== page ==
YouTube has come a long way since its birth in April 2005, but what does its meteoric rise mean for the worlds of film and television?
When a young man posted a video of himself in a San Diego zoo in early 2005, no-one could have predicted it was the beginning of a revolution in on-line content.
Whilst what would become YouTube had antecedents (such as iFilm) it was a combination of timing and Silicon Valley connections that really sent it into the stratosphere, culminating in its acquisition by Google in October 2006.
Its explosive growth over that year and the sheer amount of copyrighted content being uploaded led to speculation that it would be sued out of existence.
That didn’t happen, largely because Google had the money to legally defend itself, but also because the first media corporation to take legal action (Viacom) had their claims of copyright infringement struck down in 2010.
Although they can still appeal, it looks like YouTube’s official takedown policy and their large legal budget will cover them on this front.
Perhaps more interesting is the partnerships that the site has engaged in with more traditional media organisations like the BBC and CBS (the latter who are owned by Viacom).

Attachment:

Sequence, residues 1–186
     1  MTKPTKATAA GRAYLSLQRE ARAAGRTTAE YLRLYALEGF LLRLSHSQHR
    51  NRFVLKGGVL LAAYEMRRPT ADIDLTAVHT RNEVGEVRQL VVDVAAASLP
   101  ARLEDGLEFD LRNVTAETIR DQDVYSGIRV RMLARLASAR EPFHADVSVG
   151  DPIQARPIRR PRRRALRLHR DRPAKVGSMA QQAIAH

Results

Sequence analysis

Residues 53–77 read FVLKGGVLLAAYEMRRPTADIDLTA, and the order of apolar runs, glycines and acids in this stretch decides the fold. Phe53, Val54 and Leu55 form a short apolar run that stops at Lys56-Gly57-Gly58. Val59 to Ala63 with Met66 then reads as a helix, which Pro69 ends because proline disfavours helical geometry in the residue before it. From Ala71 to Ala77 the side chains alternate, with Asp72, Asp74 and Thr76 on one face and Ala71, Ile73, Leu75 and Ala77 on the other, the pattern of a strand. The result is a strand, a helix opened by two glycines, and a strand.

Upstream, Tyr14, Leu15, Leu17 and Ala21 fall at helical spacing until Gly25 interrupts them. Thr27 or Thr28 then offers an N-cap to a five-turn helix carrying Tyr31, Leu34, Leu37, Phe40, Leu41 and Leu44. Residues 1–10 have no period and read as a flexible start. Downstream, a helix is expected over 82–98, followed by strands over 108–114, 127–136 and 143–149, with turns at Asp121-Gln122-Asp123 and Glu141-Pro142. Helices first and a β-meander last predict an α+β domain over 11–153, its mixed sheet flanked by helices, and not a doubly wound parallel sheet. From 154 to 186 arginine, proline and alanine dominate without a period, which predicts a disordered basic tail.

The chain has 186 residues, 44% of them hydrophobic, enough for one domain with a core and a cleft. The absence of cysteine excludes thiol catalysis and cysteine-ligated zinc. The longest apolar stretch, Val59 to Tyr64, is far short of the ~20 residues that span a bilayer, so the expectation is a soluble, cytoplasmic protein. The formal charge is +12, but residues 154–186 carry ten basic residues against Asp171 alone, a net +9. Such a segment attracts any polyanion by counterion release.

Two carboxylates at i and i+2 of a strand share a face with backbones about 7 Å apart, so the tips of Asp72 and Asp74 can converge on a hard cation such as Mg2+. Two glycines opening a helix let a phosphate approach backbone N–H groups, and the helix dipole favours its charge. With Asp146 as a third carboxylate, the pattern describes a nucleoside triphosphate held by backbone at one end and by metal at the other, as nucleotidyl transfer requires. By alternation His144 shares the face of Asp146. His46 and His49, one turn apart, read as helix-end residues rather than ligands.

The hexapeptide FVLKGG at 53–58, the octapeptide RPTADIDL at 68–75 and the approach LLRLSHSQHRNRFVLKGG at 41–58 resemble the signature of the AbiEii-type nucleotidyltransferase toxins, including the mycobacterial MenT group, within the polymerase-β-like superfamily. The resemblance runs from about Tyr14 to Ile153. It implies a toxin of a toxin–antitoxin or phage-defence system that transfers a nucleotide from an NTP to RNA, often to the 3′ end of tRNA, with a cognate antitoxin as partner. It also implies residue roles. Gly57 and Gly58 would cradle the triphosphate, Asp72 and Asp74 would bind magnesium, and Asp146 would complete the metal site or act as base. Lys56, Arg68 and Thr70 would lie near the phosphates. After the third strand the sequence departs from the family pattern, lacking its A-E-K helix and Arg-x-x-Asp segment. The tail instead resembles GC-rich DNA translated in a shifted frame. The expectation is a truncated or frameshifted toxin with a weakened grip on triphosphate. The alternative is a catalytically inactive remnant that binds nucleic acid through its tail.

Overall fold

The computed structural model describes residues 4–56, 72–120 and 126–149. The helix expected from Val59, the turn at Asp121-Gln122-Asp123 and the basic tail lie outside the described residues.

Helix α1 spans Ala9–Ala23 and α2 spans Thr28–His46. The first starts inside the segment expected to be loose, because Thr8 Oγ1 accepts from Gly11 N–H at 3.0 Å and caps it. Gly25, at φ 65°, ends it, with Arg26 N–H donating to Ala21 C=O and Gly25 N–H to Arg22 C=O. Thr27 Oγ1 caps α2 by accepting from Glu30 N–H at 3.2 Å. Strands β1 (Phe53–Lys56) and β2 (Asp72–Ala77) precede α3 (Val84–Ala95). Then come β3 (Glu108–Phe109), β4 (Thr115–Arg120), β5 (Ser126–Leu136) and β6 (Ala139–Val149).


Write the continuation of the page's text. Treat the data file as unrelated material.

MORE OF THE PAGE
YouTube has become like a default TV station for the entire web.
…streaming 4 billion online videos every day, a 25 percent increase in the past eight months,
…According to the company, roughly 60 hours of video is now uploaded to YouTube every minute, compared with the 48 hours of video uploaded per minute in May.
A lot of this is copyrighted material, but a newer generation are growing up with the site as a regular outlet for films, television and music, but also as a launchpad for memes, funny animals, activism and all kind of weird and wonderful stuff.
Katzenberg’s analogy with sports is astute and the discussion of the release window also hints at the underlying tensions that are still ongoing between studios and exhibitors.
Whilst the conversation about home entertainment and video on demand is often dominated by Netflix and local sites such as Lovefilm (UK) and Hulu (US), YouTube is perhaps the most fascinating VOD platform for the future.